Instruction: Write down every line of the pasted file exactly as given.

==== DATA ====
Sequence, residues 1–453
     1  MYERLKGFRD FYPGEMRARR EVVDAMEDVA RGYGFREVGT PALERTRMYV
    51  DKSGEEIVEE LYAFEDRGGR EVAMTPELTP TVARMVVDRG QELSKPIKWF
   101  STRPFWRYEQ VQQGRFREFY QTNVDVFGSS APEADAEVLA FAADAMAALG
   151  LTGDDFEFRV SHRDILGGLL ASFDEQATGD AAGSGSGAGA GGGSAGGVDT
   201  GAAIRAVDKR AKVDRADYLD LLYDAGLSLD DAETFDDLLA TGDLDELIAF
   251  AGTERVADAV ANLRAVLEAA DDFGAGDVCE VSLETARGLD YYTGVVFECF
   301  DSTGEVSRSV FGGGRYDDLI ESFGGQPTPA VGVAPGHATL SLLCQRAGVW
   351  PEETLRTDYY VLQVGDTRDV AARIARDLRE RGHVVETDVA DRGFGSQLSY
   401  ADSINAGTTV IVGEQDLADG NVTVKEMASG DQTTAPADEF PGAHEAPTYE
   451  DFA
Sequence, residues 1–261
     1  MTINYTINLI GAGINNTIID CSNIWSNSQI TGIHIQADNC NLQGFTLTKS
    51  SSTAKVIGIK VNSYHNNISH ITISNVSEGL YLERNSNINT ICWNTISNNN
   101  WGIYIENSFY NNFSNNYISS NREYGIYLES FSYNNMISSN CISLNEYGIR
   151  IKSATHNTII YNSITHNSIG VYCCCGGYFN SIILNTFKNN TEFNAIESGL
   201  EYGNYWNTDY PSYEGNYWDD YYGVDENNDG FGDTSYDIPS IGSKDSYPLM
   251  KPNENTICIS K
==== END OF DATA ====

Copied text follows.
Sequence, residues 1–453
     1  MYERLKGFRD FYPGEMRARR EVVDAMEDVA RGYGFREVGT PALERTRMYV
    51  DKSGEEIVEE LYAFEDRGGR EVAMTPELTP TVARMVVDRG QELSKPIKWF
   101  STRPFWRYEQ VQQGRFREFY QTNVDVFGSS APEADAEVLA FAADAMAALG
   151  LTGDDFEFRV SHRDILGGLL ASFDEQATGD AAGSGSGAGA GGGSAGGVDT
   201  GAAIRAVDKR AKVDRADYLD LLYDAGLSLD DAETFDDLLA TGDLDELIAF
   251  AGTERVADAV ANLRAVLEAA DDFGAGDVCE VSLETARGLD YYTGVVFECF
   301  DSTGEVSRSV FGGGRYDDLI ESFGGQPTPA VGVAPGHATL SLLCQRAGVW
   351  PEETLRTDYY VLQVGDTRDV AARIARDLRE RGHVVETDVA DRGFGSQLSY
   401  ADSINAGTTV IVGEQDLADG NVTVKEMASG DQTTAPADEF PGAHEAPTYE
   451  DFA
Sequence, residues 1–261
     1  MTINYTINLI GAGINNTIID CSNIWSNSQI TGIHIQADNC NLQGFTLTKS
    51  SSTAKVIGIK VNSYHNNISH ITISNVSEGL YLERNSNINT ICWNTISNNN
   101  WGIYIENSFY NNFSNNYISS NREYGIYLES FSYNNMISSN CISLNEYGIR
   151  IKSATHNTII YNSITHNSIG VYCCCGGYFN SIILNTFKNN TEFNAIESGL
   201  EYGNYWNTDY PSYEGNYWDD YYGVDENNDG FGDTSYDIPS IGSKDSYPLM
   251  KPNENTICIS K